The look on Erick Harcey's face — and the tone in his voice — was unmistakable: sheer, unadulterated pride.

Tempered, of course, by Midwestern-by-way-of-Scandinavian reticence.

"This is my grandfather's herring," he said, and I wondered if any other future restaurant encounter could ever be so personal, and so touching.

Not that I was expecting heartfelt emotion from pickled fish. Or Swedish meatballs, for that matter. But this is a restaurant that tells a story, beautifully.

"These are the dishes I grew up eating," said Harcey, echoing the sentiments of what are probably tens of thousands of local diners.

When he was first brainstorming Upton 43, Harcey was initially planning a much different operation.

But then he got talking to his grandfather, Willard Ramberg, who suggested that his talented grandson try something that was more reflective of his background.

As it happens, that heritage was developed over the course of thousands of meals around the Rambergs' table. Sadly, Willard Ramberg died in December, shortly before the restaurant opened.

That herring is a revelation. Harcey gives the small Atlantic fish a nine-day pickling, and the results are firm and coolly, refreshingly clean-tasting. No wonder it was served at every dinner at the Rambergs. I want to make it a daily habit, too.

As for the meatballs, they're based on years of watching his grandmother Bonnie Ramberg go through her well-practiced paces.

"We had meatballs so often, and they were always a little different each time," said Harcey. "They were definitely a rummage-the-fridge kind of thing, but she had a classic way that she prepared them."

A mix of beef and pork (and pork fat), they're fortified with onions simmered in plenty of butter ("I didn't earn this body by not figuring out how to incorporate butter into everything," Harcey said with a laugh), and seasoned with cardamom, allspice, nutmeg and other warming spices.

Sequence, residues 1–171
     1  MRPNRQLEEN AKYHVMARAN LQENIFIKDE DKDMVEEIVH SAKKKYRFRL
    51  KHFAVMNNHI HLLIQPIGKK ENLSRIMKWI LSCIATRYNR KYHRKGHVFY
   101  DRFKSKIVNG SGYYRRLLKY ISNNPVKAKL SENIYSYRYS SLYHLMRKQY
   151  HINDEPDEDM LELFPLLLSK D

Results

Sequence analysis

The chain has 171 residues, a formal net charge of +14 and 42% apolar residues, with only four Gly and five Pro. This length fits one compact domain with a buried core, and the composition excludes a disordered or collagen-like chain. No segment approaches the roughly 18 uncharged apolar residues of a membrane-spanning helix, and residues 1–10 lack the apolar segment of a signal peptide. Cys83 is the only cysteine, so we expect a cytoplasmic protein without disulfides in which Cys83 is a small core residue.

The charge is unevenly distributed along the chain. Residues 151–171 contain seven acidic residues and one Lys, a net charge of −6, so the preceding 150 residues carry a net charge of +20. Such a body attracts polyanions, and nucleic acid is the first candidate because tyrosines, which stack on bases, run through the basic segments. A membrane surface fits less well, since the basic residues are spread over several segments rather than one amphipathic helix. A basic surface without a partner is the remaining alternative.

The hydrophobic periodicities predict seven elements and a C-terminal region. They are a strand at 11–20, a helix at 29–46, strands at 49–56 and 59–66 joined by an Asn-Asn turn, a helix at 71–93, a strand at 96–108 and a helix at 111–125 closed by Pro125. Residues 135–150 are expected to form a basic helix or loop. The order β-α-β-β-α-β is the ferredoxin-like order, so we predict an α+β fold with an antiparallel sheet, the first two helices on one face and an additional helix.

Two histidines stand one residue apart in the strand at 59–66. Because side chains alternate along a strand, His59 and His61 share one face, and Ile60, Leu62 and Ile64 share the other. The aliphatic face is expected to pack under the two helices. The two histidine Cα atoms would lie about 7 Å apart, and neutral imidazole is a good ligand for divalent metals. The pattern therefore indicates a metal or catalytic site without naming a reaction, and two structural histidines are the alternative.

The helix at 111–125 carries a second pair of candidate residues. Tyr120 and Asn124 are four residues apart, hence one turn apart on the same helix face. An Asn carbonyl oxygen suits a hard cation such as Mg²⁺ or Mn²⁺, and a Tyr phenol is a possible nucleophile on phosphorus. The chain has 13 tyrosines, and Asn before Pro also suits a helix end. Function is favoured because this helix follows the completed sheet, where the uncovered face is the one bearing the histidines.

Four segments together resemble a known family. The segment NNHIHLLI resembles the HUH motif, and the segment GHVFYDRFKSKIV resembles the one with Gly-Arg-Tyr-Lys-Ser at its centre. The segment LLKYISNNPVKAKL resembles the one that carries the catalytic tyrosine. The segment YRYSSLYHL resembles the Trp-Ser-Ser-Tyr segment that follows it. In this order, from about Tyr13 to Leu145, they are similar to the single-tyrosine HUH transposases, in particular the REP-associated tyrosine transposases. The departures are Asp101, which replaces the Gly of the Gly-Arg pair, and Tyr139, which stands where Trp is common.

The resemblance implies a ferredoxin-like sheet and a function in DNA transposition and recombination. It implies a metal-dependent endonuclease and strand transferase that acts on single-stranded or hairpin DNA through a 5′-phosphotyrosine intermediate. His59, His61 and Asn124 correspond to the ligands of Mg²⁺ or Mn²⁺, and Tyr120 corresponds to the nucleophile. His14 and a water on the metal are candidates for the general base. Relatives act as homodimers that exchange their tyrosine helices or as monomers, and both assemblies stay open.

Following his grandmother's example, Harcey barely handles them, and that roly-poly, rough-hewed approach yields wildly tender, mouth-melting meatballs.

Rather than getting the pan-fried treatment, they're roasted in the oven. Just before they're served they get a quick steam using fatty pan drippings, and then they're drenched in gravy.

Oh, that gravy. Harcey said it's definitely where he and his grandmother part company ("I had to umami it up," he said), relying instead on a brown butter béchamel that's enriched with a mushroom-roasted shallot stock. He could bottle it, and make millions.

There's no lutefisk on the menu (give Harcey 48 hours' notice, and he'll happily prepare lutefisk his grandfather's way), but cod isn't left out in the dark.

Rather than marinating it in lye, Harcey quick-sears it, brushes it with a creamy mustard, presses it into a walnut-puffed wild rice crust, then roasts it until the moist, pearly flesh flakes apart at the slightest pressure from a fork.

Fermented grapes add a bracing dash of sweetness, and the fish is served under an umbrella of butter-poached purple cabbage. So pretty, and so tasty.

The topper? Butter-laden mashed potatoes, blended with slow-roasted cabbage ends and hints of apple and onion. And, yes, they're fantastic.

Embracing the old, and the new

Although Harcey possesses all kinds of molecular gastronomy know-how, he's also fascinated by tried-and-true cooking techniques — fermenting, pickling, smoking, charring — and he seamlessly marries old to new as he subtly inserts flavor and texture dimensions into his dishes.

Family heirloom recipes aside, the kitchen's most remarkable dish is vegetarian, a departure for a chef whose work at Victory 44 is notably pork-centric.

Part porridge, part risotto, it's a blend of four or five nuttily toasted grains — an ever-changing variety that often includes farro, wheatberry, millet and barley — that Harcey accents with tart apples, a sweet onion confit, earthy porcini mushrooms and a rich sunchoke purée.